Tunisian mobile operator Tunisie Telecom has launched a prepaid range under a new brand with its own distinct identity, in a bid to attract young mobile users. Named Po9, this new addition features a logo inspired by the phonetic sound of social media alerts. The Po9 range currently offers three data-focused plans, all offered with a data bonus as an incentive. The entry-level tariff is priced TND 1.00 (US $0.35) and includes 150 MB available for 24 hours. Valid for 30 days, the other two plans are priced TND 5.00 (US $1.73) and TND 25.00 (US $8.66) for an allowance of 800 MB and 25 GB, respectively, with calls charged on a pay-as-you-go basis.
The Po9 range gives customers the opportunity to earn vouchers via a refer-a-friend scheme. The operator has already partnered with e-commerce portal Merkado to support this program, and similar sites are expected to join the initiative in the future.
New sign-ups have the option of ordering a SIM online or buying it at a Tunisie Telecom point of sale. They can then manage their account via the dedicated Po9 app, where up to TND 60.00 (US $20.79) worth of vouchers can be stored from the refer-a-friend promotion.
Ever since traditional MNOs began to be challenged by upstart budget MVNOs with niche target markets, many have responded by launching budget sub-brands of their own. To recoup lost market share, the major operators in markets worldwide have essentially imitated the MVNOs in hopes of beating them at their own game or at least establishing a beachhead in the market sector occupied by the virtual operators. This strategy has proved viable and worthy of replication. In order for it to work well, it is best for the MNO to differentiate its offering by marketing it not under its own name but under a new one, a separate brand that can develop its own identity.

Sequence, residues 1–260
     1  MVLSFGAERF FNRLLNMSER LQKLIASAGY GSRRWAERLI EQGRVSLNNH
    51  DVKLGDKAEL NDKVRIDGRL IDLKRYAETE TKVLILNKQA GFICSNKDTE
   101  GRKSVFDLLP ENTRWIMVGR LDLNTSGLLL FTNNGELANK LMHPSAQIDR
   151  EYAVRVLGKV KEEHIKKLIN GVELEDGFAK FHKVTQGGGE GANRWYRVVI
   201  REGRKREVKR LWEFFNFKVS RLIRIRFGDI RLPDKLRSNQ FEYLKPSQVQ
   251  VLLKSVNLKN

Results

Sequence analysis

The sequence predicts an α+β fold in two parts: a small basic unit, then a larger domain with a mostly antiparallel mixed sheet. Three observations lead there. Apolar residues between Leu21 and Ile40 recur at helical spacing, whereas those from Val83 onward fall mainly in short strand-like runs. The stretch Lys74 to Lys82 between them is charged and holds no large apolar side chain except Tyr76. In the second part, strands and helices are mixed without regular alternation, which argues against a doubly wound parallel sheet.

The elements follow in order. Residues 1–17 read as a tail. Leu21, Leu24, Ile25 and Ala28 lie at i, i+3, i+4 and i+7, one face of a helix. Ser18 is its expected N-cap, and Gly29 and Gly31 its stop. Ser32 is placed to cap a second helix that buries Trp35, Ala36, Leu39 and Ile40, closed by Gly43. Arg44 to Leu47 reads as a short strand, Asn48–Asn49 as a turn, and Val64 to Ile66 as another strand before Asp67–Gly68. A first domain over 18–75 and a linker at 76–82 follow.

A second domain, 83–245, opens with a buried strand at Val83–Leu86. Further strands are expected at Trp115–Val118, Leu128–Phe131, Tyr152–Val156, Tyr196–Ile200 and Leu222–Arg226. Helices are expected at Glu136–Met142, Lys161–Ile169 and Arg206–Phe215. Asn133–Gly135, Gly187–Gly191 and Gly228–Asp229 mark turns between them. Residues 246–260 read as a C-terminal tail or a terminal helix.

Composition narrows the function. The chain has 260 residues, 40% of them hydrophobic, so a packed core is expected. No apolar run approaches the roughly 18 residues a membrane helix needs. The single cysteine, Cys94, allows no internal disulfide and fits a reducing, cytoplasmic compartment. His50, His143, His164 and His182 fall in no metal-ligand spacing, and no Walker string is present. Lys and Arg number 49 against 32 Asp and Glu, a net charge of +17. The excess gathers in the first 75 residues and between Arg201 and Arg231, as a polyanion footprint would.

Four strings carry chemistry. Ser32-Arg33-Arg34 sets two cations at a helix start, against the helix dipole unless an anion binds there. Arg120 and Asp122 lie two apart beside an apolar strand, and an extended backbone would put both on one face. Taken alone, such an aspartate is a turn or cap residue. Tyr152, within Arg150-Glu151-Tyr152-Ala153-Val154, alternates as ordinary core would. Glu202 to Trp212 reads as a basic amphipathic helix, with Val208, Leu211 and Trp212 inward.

With its new prepaid range, Tunisie Telecom has taken exactly this approach. With three separate plans, Po9 acts like an operator of its own, and its branding is distinct from that of the parent company. Po9 has several features that are typical of the emerging sub-brands: It is youth-oriented, data-intensive, and community-focused. Since the youth market is strong and particularly desirable for operators (in that consumption habits set up in youth are durable in the long term), young users are the most frequently targeted demographic for such branded offers. They are a good fit—youth are budget-minded and yet want to consume large amounts of data for the communication and entertainment applications they favor. And they can, in future, be converted into higher-end users who will be loyal to the operator.
Po9 has a number of features that appear to be appropriately tailored for the youth demographic. The pricing is favorably low and also flexible; in addition to two normal tiers differentiated by amount of data, there is a one-day option that allows the user to sample the service or simply use data only as needed. The pay-as-you-go pricing of voice calls answers similar needs. SIMs can be easily purchased, and users can save money by bringing their own device. And finally, the communitarian aspect comes in via the refer-a-friend promotion, which promotes and profits from an overlap between social life and customer acquisition.
Even the choice of a brand name is appropriately youth-focused, in that the “sound of social media alerts” is one that will be familiar and reinforcing for the potential subscribers to Po9, who are likely heavy users of various social media platforms.